When Judge Kristin Munson asks for Divine intervention, all she gets is that scary chick from Pink Flamingos.
"You got your black-and-white in my blockbuster!"
"You got your airhead plot in my art house!"
It's two great tastes that…don't totally suck together!
It's Angel-A, the latest genre-bending film from the mind of Luc Besson (La Femme Nikita). Depending on your tastes, that is either a scathing indictment or a queue for the Halleluiah chorus. The typical Besson film layers visual after glorious visual around the paper-thin core of a story until your senses are sugar-high. Forget popcorn cinema, this is cotton candy. Despite its art-house trappings and low-budget feel, Angel-A is no different.
Facts of the Case
Andre (Jamal Debbouze, Amelie) is in deep merde. He's been borrowing from Pepe to pay Pierre, owes 50,000 euros to various European gangsters, and has just twelve hours to pay it all back. The best way out is to end it all, but Andre isn't the only one in Paris with problems. Before he can throw himself off a bridge, a young woman leaps first, forcing Andre to save her. To thank him, she makes Andre her personal cause, but Angela (Rie Rasmussen, Femme Fatale) is not who she seems and her mission is about much more than money.
There is a recurring theme in Besson's films of disenchanted men finding redemption with the help of an unlikely female (The Professional, The Fifth Element), but in Angel-A the woman in question is more unlikely than ever. Her identity is meant to be a surprise but, let's face it, if you're able to read the title, you're smart enough to figure it out. This is Wings of Desire with less angst and It's a Wonderful Life with less comforting problem-solving methods (Somehow, I don't think George Bailey would pimp Clarence out to pay back the bank).
Paris is the city of lights and, by stripping down to basic black-and-white, the cinematography showcases the city at its most simple and beautiful. From the Eiffel Tower to a sleazy strip club, every frame looks like it has been lifted from an art book or an ad for designer jeans. The play of shadow and sunshine and flashing neon and fog machines transforms monuments and ordinary spaces into surreal fantasy lands too incredible to be true. Color would be a needless distraction.
Story also seems to be a distraction. Never the movie's focus, it just stops trying by the halfway mark. Angela and Andre hop from point A to B to C and the constant use of divine intervention robs the plot of all suspense. The conflicts introduced in the opening scenes are dealt with in cursory, unsatisfying ways. The romance feels tacked on and has the emotional resonance of a Pepe Le Pew cartoon. It's all too easy.
The movie tries to find a balance between the gloss of Hollywood and the critical depth of the art house but it ultimately has to make a choice and that's when Angel-A comes crashing to Earth. Because it's so pretty, Angel-A decides it doesn't have to be smart or subtle. Characters point out themes and metaphors in the dialogue instead of working to build them up naturally and until Angela's true identity is revealed, the movie beats you over the head with a stale baguette of "clues." Neither of these things may be aggravating the first time through, when you're drunk on the splendor of it all, but they becoming glaring during repeat viewings.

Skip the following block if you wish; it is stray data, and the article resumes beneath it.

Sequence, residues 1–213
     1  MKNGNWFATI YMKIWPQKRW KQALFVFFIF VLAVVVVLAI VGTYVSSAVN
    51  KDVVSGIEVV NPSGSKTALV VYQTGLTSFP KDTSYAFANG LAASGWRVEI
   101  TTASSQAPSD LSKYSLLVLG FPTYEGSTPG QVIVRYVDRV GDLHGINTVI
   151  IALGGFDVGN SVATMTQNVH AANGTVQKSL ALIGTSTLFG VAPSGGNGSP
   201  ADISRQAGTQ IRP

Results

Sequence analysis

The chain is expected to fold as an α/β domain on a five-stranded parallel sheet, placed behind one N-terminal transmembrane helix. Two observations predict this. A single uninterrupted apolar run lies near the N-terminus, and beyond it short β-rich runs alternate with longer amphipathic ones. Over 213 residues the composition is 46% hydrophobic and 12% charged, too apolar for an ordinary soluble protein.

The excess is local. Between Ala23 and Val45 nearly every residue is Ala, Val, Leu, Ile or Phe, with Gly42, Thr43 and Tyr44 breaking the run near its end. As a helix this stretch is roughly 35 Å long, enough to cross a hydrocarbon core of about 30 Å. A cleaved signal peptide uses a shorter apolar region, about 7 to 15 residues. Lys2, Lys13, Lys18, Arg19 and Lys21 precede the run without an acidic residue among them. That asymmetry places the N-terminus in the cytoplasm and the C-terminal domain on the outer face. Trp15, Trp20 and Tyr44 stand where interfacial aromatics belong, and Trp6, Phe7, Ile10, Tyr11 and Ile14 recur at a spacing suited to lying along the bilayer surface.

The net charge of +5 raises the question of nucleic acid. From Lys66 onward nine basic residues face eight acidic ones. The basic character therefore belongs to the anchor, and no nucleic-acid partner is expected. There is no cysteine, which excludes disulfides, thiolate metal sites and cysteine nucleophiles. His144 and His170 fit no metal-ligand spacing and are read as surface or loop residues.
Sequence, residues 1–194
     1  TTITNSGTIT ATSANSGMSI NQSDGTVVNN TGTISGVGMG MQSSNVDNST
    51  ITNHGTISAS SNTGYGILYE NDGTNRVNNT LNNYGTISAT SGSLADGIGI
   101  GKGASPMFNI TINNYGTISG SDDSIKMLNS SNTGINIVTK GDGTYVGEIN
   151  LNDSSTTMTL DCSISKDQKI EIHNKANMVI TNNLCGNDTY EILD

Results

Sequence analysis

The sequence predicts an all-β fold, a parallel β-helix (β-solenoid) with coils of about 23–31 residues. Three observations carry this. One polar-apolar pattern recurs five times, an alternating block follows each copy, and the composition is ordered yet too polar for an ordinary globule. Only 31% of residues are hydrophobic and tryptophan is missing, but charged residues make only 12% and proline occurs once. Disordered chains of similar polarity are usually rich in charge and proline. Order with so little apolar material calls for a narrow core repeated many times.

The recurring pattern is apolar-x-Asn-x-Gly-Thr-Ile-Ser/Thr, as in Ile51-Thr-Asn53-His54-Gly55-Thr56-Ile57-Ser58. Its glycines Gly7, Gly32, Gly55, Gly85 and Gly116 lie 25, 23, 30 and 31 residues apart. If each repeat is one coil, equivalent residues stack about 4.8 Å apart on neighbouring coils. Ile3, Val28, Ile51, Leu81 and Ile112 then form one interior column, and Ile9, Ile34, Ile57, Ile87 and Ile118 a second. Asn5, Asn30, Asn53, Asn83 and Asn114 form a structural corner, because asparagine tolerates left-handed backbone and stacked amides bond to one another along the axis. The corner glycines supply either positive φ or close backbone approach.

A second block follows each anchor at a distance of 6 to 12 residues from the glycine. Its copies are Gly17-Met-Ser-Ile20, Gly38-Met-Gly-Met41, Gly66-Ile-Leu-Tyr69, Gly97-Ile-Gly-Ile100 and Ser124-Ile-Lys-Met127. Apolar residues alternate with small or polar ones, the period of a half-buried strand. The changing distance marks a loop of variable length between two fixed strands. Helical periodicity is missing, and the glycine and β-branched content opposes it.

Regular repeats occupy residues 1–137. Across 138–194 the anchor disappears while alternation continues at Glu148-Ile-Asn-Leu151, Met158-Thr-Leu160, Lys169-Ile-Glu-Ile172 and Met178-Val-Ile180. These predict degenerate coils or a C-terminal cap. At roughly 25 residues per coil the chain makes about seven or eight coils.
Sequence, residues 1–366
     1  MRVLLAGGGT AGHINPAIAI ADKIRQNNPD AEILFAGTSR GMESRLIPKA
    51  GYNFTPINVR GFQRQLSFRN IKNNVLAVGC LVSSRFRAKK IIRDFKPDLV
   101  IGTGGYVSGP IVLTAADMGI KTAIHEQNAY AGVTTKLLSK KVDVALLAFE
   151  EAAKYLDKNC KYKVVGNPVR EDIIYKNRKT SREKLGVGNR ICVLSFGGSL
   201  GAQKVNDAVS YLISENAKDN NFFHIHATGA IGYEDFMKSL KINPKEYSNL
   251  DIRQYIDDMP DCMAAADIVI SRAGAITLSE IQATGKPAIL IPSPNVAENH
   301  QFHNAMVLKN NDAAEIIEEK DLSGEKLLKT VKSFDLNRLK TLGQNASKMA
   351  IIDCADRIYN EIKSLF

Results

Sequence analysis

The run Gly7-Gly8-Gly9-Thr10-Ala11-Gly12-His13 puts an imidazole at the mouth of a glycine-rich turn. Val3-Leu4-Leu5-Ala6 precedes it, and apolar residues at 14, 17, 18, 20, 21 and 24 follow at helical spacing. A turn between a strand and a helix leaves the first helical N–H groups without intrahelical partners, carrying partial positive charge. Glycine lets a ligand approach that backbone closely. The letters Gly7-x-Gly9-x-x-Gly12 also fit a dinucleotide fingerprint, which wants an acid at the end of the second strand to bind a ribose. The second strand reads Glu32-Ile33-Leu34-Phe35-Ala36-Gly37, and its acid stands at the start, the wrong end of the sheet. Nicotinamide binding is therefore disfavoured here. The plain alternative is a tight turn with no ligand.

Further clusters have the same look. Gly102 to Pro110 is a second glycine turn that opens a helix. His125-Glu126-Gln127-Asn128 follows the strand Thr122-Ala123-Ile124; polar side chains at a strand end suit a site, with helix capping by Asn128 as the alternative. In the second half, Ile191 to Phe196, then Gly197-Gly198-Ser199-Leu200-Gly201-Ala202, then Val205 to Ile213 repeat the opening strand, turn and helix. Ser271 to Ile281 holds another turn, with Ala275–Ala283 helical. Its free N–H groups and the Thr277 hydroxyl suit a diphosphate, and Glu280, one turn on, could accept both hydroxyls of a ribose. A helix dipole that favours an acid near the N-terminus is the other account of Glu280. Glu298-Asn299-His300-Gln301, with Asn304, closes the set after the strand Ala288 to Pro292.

Debbouze, known in France for his comedy work, is an unlikely leading man but he ably taps into Andre's inner turmoil. His character is a failed con man, struggling against his inherent goodness and self-doubt; he guides Andre through a believable arc, even when the script lets him down. On the other hand, French is Rasmussen's third language and her acting can be stiff. Whenever the story calls for her to cry you're waiting for her to pull back and reveal it's all a been a trick to make Andre feel bad. Her creature of mystery is a puppet of the plot, switching personality from demented nympho to loving life-coach at the script's whims, with no connecting thread to latch onto.
The DVD transfer is breathtaking perfection; it turns a standard television into a black-and-white window to Paris. Audio is equally good, with one drawback: the 5.1 mix instantly reveals where dialogue has been re-recorded. A pesky studio echo pops in and out of outdoor scenes, mostly during Rasmussen's lines. The sole extra is a standard "making of" puff piece rounded out with on-set footage. Oddly, Debbouze, not Besson, is the main focus. Debbouze's antics and opinions are entertaining enough but this is Besson's first film as writer/director in seven years and he isn't even interviewed.
Like all the Besson films before it, Angel-A sports stunning visuals but a spotty plot. The film's beauty sucks you in but the story collapses like a soufflé under scrutiny. In spite of all this, Angel-A is still an aesthetic treat and a good introduction to those who find foreign films synonymous with cigarettes, croissants, and stunning boredom or wouldn't touch a black-and-white movie with a ten-foot French loaf. Expecting any more will leave you disappointed.
If you see only one funny art-house fantasy romance drama this year, make it Angel-A.
Guilty of putting style over substance.
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Scales of Justice
• The Making of Angel-A
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